Dr. Kalus: Exactly right. Not only after the operation, but even before the operation, we like to stimulate the breast, the recipient site, so that it’s going to be more receptive to take this fat, which are living cells. It’s going to be a graft of cells. So, we like to start stimulating the breast before the procedure. And then after the procedure there’s a whole programme that we put patients on to enable the fat cells not just to survive, but also to grow inside the breast. This is very exciting. This is the research that we’re doing at the moment, how can we best make the breast grow?

And this was something else that was brought up at the meeting. It was asked, “What happens to patients if they put on weight in the future?” And the answer is that the breast will grow, because you’ve got the extra fat in the breast. Interestingly, many patients ask, “Well, I can put on weight, but what happens if I lose weight after the operation?” And I think the answer is that if you’ve lost a lot of weight, perhaps you may lose some of the volume that we put into the breast. But one case was presented where the woman gained 5 kilos, and her breasts grew. And then she lost 5 kilos, and the breasts maintained their size.

So the breast fat seems sometimes to be influenced by different factors and the fat in the rest of the body. But it is one reason that we do suggest that women be at or close to their target breast weight when doing fat grafting, because it would be good if they could put on a kilo or two after, initially, after the operation. And after all, if you’re going to have a bigger bust, you’re going to have a bigger weight. So we do like a slight extra weight after the operation.

Trish: And it’s really, what I find really interesting is looking, watching the videos of doctors doing it and all that sort of thing, it’s actually quite labour-intensive. It would take a long time, so it’s not going to be, it’s not one of those short, quick, cheap procedures. It’s going to be, takes longer, it’s a bit more expensive, and it’s a lot more sort of, specialised. You’ve got to get it all in the right spot.

Dr. Kalus: Well, it’s certainly very specialised. I think as plastic surgeons, we love doing this, because it’s really reconstructive surgery. And we’ve all been trained in skin grafts and flaps and so on. This is a graft. In fact, we are taking living fat. We have to make sure it survives, and then graft it to another site. When we started doing it, a procedure would take about three hours. But now, I think we’ve got it down to perhaps, one and-a-half hours, so just a little bit longer than an augmentation with implants. And we’ve developed some very good systems for taking the fat now, and the harvesting. We have a very systematised approach. So, it does take a little longer, but not as long as in the beginning.

Trish: And one of the things, I hadn’t even thought about this, but one of the things that I was blown away by was the fact that the ladies that have had a mastectomy due to breast cancer and all that, the results that they can get with the fat transfer, because it might just be little bits here and there that just need to be filled out.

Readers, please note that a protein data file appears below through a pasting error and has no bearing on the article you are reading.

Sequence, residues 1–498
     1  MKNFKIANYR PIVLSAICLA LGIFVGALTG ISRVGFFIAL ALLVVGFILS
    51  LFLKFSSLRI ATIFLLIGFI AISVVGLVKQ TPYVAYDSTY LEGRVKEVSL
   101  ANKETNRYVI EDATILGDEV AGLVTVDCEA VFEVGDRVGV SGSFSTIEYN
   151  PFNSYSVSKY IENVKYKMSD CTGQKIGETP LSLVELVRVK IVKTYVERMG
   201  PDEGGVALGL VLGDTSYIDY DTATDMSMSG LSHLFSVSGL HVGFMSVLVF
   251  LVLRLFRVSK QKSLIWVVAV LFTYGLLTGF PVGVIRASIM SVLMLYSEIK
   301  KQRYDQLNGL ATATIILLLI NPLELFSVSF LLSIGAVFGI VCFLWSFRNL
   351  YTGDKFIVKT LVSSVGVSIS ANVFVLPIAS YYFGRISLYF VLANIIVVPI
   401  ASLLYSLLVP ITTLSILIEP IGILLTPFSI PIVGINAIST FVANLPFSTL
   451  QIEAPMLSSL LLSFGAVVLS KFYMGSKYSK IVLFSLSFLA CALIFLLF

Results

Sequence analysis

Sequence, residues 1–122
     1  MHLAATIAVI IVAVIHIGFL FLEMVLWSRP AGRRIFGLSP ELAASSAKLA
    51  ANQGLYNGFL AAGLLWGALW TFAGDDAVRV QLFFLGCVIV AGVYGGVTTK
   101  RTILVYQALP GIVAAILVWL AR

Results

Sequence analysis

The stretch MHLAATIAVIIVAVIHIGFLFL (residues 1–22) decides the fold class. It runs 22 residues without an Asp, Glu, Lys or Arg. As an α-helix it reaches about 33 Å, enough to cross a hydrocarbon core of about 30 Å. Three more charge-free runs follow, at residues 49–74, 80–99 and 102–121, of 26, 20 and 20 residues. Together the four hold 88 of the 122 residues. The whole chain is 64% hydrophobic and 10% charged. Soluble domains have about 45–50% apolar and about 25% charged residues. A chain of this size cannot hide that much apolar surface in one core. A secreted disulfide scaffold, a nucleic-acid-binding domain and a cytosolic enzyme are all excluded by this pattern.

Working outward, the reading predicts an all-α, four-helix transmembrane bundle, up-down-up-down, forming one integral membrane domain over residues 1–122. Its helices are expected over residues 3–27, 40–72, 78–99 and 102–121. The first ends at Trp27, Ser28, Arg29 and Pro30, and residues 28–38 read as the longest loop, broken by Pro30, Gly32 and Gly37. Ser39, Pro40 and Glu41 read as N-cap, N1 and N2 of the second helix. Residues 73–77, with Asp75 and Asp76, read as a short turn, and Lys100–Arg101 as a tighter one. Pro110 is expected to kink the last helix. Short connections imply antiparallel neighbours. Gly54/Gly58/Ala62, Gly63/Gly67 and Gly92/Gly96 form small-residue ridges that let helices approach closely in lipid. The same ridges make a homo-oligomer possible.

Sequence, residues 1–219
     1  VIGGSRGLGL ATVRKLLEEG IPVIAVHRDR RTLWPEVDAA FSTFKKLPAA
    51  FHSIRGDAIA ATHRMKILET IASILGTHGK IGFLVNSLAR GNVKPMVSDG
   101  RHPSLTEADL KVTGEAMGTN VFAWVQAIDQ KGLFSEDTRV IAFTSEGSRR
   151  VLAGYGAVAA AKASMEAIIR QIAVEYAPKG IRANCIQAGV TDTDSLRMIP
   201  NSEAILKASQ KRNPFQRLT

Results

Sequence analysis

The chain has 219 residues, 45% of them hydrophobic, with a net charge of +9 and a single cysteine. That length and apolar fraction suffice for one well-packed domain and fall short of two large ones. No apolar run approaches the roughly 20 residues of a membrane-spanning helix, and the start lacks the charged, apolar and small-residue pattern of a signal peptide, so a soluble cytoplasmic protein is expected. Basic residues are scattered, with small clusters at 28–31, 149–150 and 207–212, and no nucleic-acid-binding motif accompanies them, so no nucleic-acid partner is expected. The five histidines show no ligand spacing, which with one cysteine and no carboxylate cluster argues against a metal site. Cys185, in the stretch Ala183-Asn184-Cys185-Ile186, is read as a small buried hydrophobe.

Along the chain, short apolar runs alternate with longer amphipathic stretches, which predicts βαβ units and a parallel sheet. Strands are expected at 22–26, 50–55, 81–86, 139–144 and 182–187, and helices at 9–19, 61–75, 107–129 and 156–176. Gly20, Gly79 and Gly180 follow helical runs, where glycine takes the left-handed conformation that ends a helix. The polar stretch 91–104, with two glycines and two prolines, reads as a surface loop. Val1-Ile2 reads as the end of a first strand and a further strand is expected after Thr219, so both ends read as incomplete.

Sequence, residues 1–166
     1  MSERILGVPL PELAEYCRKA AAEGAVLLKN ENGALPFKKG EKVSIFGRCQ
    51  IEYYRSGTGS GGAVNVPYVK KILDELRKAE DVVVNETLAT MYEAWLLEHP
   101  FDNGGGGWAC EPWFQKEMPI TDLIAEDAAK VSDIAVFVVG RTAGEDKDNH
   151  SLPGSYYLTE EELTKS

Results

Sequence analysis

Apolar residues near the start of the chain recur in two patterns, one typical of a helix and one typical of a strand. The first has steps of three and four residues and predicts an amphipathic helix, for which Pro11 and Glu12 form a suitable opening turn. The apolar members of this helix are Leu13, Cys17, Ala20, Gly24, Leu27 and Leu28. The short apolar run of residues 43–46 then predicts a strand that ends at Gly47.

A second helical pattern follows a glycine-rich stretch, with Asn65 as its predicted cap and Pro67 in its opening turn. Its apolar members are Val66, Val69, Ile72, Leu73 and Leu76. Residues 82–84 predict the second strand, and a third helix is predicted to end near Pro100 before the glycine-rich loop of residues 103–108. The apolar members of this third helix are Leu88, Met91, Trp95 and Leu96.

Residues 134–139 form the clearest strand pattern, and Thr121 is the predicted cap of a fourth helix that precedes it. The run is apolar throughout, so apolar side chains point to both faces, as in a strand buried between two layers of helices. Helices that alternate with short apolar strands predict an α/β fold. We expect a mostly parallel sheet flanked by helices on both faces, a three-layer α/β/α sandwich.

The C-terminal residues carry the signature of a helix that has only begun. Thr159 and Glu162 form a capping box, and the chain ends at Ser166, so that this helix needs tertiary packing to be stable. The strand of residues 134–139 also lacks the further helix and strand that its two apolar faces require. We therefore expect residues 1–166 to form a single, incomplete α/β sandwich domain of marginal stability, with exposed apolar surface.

Dr. Kalus: Absolutely so. There’s been a lot of talk about using fat grafting in the reconstructive setting. Usually with an implant, so to hide the edges of the implant, because of course once you’ve had a mastectomy, the skin can be very thin and the implant can show under that. And so, putting some fat around the implant can hide that, or a little defect after segmental mastectomy. And we are certainly doing a lot of that. But it’s so versatile fat. You can take a very small amount, even 20 mils, which does not take a lot of time, and you can use that just to enhance an area. And the other point that was made is, that you can keep doing it. If you want a bit more fat later on, there’s no reason why you can’t repeat the procedure. And you know, it gets better each time. It’s almost like the soil has been really prepared, and it’s got a higher vascularity. And the fat seems to do better each time that we put it in.

Trish: One of the pictures I saw, she’d got the final result she wanted. This is a mastectomy lady. Oh, you would’ve seen it, too.

Dr. Kalus:  Yes.

Trish: But after the fourth time, it was just like, “Right, I can see,” it’s actually, almost like a process that you have to go through.

Dr. Kalus: Correct. So, what I envision happening now in the reconstructive situation, is the patient may start off with a breast implant after a mastectomy, or a double mastectomy sometimes, and we put some fat in. And then we could put a smaller implant in. Or in the case of an expander, we could deflate the expander slightly. And then you could put a bit more fat in and deflate the expander a bit more, until ultimately, the woman would have just fat and no implant. And I think this is the aim ultimately, the Holy Grail, in a reconstructive scenario, can we create a whole breast just with fat, with no implant whatsoever? I think with some women, that’s going to be possible.

Trish: That would be like being skinny and having big boobs.

Dr. Kalus: That’s right.

Trish: The perfect life. Well, that’s great. Well, thank you so much for that today, Dr. Kalus. That’s been really, really helpful. So ladies, if you’re looking at having some fat transferred to the breast, or as I said, anywhere else in the body, you can contact Dr. Allan Kalus through our website, or otherwise drop us an email to, or otherwise just Google Avenue Aesthetic Surgery in Melbourne. Thanks very much.

Dr. Kalus: Thank you.

As our founder and lead plastic surgeon, Mr. Allan Kalus is on hand at Avenue Aesthetic Surgery here in Melbourne to consult with you if you are considering fat transfer procedures. You can learn more about his innovative approach to fat transfer here and contact our clinic on 1300 271 839 to arrange a consultation.